The Fresh Loaf

News & Information for Amateur Bakers and Artisan Bread Enthusiasts


Bruce J's picture
Bruce J


I am trying different bagel recipes and all have the same problem.  They expand nicely in the water bath but will contract far too much during baking.  I am assuming  the problem is a lack of gluten.  I am using King Arthur bread flour since I don't have access to high gluten flour.  Do you think adding vital wheat gluten to the bread flour will take care of the probmem.  Or am I barking up the wrong tree?

proth5's picture

that high gluten flour is required to make authentic bagels, but in a pinch I've used KA Bread flour and have not experienced any problems.  So I'm not sure it is the flour that is the culprit here.

You will probably need to be more descriptive as to your formula and technique (most likely your technique if this happens with different formulas) to get a good answer to your problem.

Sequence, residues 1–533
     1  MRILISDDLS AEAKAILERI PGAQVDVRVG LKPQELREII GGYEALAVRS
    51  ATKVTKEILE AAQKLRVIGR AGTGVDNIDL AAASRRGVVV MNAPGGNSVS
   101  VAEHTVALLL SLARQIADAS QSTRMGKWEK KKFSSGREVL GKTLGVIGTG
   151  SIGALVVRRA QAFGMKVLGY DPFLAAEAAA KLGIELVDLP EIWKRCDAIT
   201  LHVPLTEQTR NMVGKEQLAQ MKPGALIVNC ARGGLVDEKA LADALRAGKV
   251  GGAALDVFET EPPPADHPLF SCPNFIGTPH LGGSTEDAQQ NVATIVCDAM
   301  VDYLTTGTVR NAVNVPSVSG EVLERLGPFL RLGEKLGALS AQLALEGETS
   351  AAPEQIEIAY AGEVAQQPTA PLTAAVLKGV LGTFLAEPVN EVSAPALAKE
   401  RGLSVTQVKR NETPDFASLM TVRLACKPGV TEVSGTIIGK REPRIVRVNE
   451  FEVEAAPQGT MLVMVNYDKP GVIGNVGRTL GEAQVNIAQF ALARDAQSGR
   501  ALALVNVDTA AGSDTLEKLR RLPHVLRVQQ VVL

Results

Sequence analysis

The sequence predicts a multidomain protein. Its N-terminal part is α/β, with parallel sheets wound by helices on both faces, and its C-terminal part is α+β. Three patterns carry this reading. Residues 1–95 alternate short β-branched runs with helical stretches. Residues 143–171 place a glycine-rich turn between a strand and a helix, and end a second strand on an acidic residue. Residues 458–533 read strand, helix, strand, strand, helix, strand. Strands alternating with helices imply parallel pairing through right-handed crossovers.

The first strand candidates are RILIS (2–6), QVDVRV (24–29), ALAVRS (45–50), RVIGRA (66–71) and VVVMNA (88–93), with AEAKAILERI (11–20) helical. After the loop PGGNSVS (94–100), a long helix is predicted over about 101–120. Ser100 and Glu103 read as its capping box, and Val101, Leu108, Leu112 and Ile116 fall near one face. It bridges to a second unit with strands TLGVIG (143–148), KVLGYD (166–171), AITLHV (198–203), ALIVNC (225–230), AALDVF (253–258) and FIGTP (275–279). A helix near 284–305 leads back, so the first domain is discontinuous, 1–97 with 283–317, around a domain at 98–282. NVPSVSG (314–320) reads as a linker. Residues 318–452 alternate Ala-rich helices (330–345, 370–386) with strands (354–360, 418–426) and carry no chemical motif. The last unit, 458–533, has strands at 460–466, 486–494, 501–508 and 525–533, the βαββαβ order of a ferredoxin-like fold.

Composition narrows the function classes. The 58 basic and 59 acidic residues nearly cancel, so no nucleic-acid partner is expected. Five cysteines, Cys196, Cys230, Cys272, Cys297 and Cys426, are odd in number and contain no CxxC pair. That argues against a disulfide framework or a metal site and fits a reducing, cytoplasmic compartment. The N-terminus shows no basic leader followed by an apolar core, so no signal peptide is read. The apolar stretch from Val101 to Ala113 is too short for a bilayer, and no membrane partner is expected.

Hope this is at least somewhat helpful...

mini_maggie's picture

What are you doing for your water bath?  Boiling or just warm water?  How long?  Any added sugar? 

Are you maybe boiling too long?   How hot is the oven they're going into?  All will help figure out what's going on.

breadforfun's picture

It sounds like maybe your dough has insufficient development and the structure is collapsing during the bake when the gas formed in the dough when boiling dissipates. Tell us something about how you are preparing and mixing your dough.  Bread flour, which is probably around 12% g protein, should have sufficient gluten to form a bagel.  One thing that may be counterintuitive is that doughs made from high gluten flour actually need more kneading and dough development than those made with AP flour.  You'd think that since there was more gluten, you wouldn't have to work as hard, but the opposite is true.



jaywillie's picture

The very thing you mention has happened to me -- they look great after the boil, and then they just collapse flat when baked. (Still taste great, though!) I found I had to work longer with the high gluten flour to develop it better.